Lee Fang reports that documents ranging from e-mails to deposition transcripts have been made public by the law firm that represents Dewayne Johnson. He is the cancer patient and former groundskeeper who won the first Roundup lawsuit trial last August in California. A jury awarded Mr. Johnson $289 million (later reduced to $78 million).
Editor’s Note: Some democrats have also helped Monsanto. Hillary Clinton has been called the queen of Monsanto, and Barack Obama firmly backed the biotech bully from Missouri.
Republicans attack IARC, NIH for Monsanto
Mr. Fang reports that company e-mails, documents and deposition transcripts show “Monsanto lawyers and lobbyists guided lawmakers, coordinating efforts to question the IARC’s credibility and slash U.S. support for the international body.”
In June 2015, Monsanto’s vice president of government affairs – Michael Dykes – outlined Monsanto’s plans to discredit the IARC. Mr. Dykes emailed that he had sent teams of lobbyists to talk to “key staff” at the U.S. EPA, the U.S. Department of Agriculture (USDA), the State Department, and members of Congress. Monsanto executed the plan three months after the IARC had first declared glyphosate a probable carcinogen, in March 2015. At the same time, Mr. Dykes also updated his Monsanto colleagues with additional ways the company could discredit the IARC. That plan included Monsanto interests taking control of a Senate Agriculture Committee hearing where senators would ask the EPA about glyphosate’s safety.
“We will make sure Committee members ask EPA the glyphosate safety question,” wrote Dykes, who was well aware the EPA sat firmly in Monsanto’s pocket. (See: EPA Monsanto ties cancerous)
Monsanto ghostwrites for a Republican Rep.
According to Mr. Fang, FTI Government Affairs was one of the consulting firms that has helped Monsanto discredit the IARC. FTI ghost-wrote a letter in 2016 that was attributed to Republican Rep. Rob Aderholt of Alabama. The letter written in Mr. Aderholt’s name insisted glyphosate “does not cause cancer. ” It charged that the IARC was promoting “bunk science.” Mr. Aderholt’s name was on that letter, but it was written by FTI lobbyists.
That misrepresented letter, says Mr. Fang, was followed by other letters from Republican Congress members demanding an investigation of National Institutes of Health (NIH) funding for IARC. Republicans who wrote those letters – or perhaps only signed their names as Mr. Aderholt did – included Utah Rep. Jason Chaffetz (who chaired the House Oversight Committee), South Carolina Rep. Trey Gowdy (who succeeded Chaffetz as House Oversight chair), and Texas Rep. Lamar Smith (who chaired the House Science Committee). All of them echoed Monsanto’s on-point inquiries into IARC funding and the IARC’s designation of glyphosate as a carcinogen.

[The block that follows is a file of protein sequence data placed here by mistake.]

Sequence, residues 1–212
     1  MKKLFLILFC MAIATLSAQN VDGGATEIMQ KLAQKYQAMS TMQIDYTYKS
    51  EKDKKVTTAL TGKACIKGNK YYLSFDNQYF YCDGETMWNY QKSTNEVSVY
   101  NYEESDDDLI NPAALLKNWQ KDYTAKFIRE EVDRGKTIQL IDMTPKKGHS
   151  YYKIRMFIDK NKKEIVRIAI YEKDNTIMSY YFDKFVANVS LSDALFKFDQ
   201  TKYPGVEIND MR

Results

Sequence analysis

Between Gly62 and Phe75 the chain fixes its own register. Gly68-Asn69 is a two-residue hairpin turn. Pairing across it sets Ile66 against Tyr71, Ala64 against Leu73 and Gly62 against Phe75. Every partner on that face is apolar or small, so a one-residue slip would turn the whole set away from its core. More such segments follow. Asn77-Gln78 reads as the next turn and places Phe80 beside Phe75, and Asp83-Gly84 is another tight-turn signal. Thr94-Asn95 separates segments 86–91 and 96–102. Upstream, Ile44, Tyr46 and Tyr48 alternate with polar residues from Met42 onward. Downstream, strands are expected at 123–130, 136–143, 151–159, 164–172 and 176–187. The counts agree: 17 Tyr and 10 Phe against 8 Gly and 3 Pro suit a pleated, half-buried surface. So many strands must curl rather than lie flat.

Kill the Messenger
In 2018, according to Mr. Fang’s report, Rep. Smith sent letters to cancer researchers in Norway demanding that they “correct the flaws in IARC.” Republicans further aided Monsanto when the Republican-controlled House Appropriations Committee cut $2 million in IARC funding.
Monsanto-Supreme Court Connection
Republican support for Monsanto extends all the way to the U.S. Supreme Court, to former Monsanto lawyer Clarence Thomas. High court justices are supposed to recuse themselves when even the suggestion of a conflict of interest is evident. “Justice” Thomas has twice refused to recuse himself when Monsanto cases have come before the nation’s highest court. He has also voted along Republican or corporate-controlled party lines in virtually every case he has seen in all of his 28 years on the bench.
Monsanto has also been caught in bed with the U.S. EPA in the Roundup Lawsuit litigation. The Monsanto Papers have shown just how friendly the relationship has been between regulator and regulated. It is an especially important relationship on which to shine the light of truth, because Monsanto lawyers point again and again to the U.S. EPA’s refusal to look at the science behind Roundup and glyphosate – all the considerable science which has not been paid for by Monsanto. Rather than look at independent studies as the IARC did to determine glyphosate’s carcinogenicity, EPA continues to look primarily at studies bought and paid for by Monsanto. The agency initially recognized glyphosate’s carcinogenic potential back in the 1970s when Roundup was first introduced. The EPA then blew the whistle on the toxic poison, but then inexplicably altered its position years later and allowed it on the market.
Republicans help Monsanto
The EPA-Monsanto Collusion story should come out more fully in the next Roundup lawsuit trial, which is scheduled to begin this fall in Monsanto’s home town of St. Louis. The monster from the midway has lost all three of the Roundup trials held thus far, as more and more of the world is waking up to the horrendous damage Monsanto has done to our food and environment.
- Monsanto Roundup Lawsuit | Attorney
- Monsanto loses $2Billion Verdict in Third Roundup Trial
- Monsanto loses second Roundup Trial – $80 Million Verdict
- Down goes Monsanto!
- Monsanto EPA Collusion
- Monsanto Money buys Science
- Roundup Lawsuit | Non-Hodgkin’s Lymphoma
- Monsanto loses bid to Collect Personal Information
- Judge calls Monsanto “Reprehensible. . . “